DC current discharge and sound

Discussion in 'General Electronics Chat' started by short2ground, Mar 31, 2015.

  1. short2ground

    Thread Starter New Member

    Mar 31, 2015
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    Is it possible for high pitched sound to be emitted when a DC current is discharged at a high rate for example during direct short to ground from a battery source?
     
  2. Papabravo

    Expert

    Feb 24, 2006
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    Not very likely. You'd have to imagine something vibrating at a high frequency. So far as I know batteries don't vibrate and neither do wires. A spark might be classified as a "high pitched sound" but you didn't mention sparks in your original question.
     
  3. MaxHeadRoom

    Expert

    Jul 18, 2013
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    It is often the exclamation that comes from the one who shorted the battery to ground!:p
     
  4. t_n_k

    AAC Fanatic!

    Mar 6, 2009
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  5. alfacliff

    Well-Known Member

    Dec 13, 2013
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    but just discharging a dc current to ground is not a plasma speaker. the plasma speaker has a modulated high voltage.
     
  6. short2ground

    Thread Starter New Member

    Mar 31, 2015
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    So no resonance through wire material or as a result of heat generation? What about the battery itself and internal components reacting to rapid discharge (lead/acid)? OR from reverse flow through full wave rectifier if it were shorted or open at one or more diodes?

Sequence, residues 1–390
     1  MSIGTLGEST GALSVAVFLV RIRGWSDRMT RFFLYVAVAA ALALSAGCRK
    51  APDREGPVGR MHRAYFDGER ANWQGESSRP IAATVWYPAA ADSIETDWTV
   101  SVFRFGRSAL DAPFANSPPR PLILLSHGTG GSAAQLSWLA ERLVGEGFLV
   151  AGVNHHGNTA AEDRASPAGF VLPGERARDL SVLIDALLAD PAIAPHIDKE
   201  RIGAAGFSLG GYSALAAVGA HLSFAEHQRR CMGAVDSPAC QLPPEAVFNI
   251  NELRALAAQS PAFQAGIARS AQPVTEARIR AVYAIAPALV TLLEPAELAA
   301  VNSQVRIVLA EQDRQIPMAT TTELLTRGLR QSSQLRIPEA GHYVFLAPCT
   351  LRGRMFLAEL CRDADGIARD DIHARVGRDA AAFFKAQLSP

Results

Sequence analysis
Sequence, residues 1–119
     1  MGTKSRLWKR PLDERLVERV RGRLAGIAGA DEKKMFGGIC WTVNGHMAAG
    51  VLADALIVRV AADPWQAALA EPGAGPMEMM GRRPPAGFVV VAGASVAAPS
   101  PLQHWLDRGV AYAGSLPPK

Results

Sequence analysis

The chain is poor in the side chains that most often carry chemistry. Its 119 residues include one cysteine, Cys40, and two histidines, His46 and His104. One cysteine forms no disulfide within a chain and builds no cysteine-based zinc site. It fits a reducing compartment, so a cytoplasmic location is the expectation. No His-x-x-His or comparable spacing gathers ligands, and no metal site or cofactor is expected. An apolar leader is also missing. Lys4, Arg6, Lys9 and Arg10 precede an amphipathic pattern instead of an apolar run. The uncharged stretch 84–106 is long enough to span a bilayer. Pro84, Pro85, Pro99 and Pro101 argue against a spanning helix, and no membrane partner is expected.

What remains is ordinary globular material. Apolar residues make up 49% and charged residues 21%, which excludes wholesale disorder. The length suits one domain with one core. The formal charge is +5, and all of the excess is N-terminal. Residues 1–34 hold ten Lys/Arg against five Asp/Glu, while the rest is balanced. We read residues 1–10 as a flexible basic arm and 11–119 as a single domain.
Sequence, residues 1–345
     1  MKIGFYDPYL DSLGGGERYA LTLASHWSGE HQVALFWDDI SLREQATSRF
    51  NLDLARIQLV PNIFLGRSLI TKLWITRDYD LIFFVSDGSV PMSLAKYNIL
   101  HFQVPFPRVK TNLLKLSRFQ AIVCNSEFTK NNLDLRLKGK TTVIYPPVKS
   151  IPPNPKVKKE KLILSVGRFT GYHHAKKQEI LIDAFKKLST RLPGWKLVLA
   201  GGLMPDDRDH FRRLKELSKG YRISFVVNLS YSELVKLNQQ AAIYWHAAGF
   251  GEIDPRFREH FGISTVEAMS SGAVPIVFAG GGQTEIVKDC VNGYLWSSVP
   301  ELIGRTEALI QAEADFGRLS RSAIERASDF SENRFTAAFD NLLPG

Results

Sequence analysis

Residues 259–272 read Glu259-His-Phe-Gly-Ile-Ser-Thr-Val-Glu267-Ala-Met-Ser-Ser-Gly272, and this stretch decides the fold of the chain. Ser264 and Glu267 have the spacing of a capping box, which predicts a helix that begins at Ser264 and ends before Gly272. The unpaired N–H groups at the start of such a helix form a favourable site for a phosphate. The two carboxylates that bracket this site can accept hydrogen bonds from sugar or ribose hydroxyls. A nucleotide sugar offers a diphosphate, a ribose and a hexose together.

7. Papabravo

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    Feb 24, 2006
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    Nothing comes to mind. Has anybody else experienced this phenomena?
     
  8. Roderick Young

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    Feb 22, 2015
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    A defective lead-acid battery might whine.
     
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  9. short2ground

    Thread Starter New Member

    Mar 31, 2015
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    how might this happen? Are u referring to the gasses escaping the battery or some other cause?
     
  10. #12

    Expert

    Nov 30, 2010
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    I believe you heard something, but I also believe you were deceived. Some other substance must be involved, such as melting, boiling, and rupturing of insulation on the the wire carrying the current or a substance on the surface of the "ground" being vaporized.
     
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  11. Roderick Young

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    Feb 22, 2015
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    Unfortunately, I don't know the mechanism. I do know that I heard a mystery whining sound, and when I disconnected one of my lead-acid batteries, it stopped. That battery would normally be maybe 13 volts, but it was down to 10, and I was unable to charge it.
     
  12. Kermit2

    AAC Fanatic!

    Feb 5, 2010
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    sounds sorta like what a teapot might do when the steam escapes through a small opening. out-gassing from the battery seems the most likely explanation.
     
  13. Hypatia's Protege

    Distinguished Member

    Mar 1, 2015
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    Inasmuch as a direct current metal-arc is, necessarily, 'disruptive' (and, hence, 'oscillatory') in nature, it would seem possible from a theoretic standpoint --- Although I cannot claim personal experience of the phenomenon...

    Just my $.02

    Best regards
    HP
     
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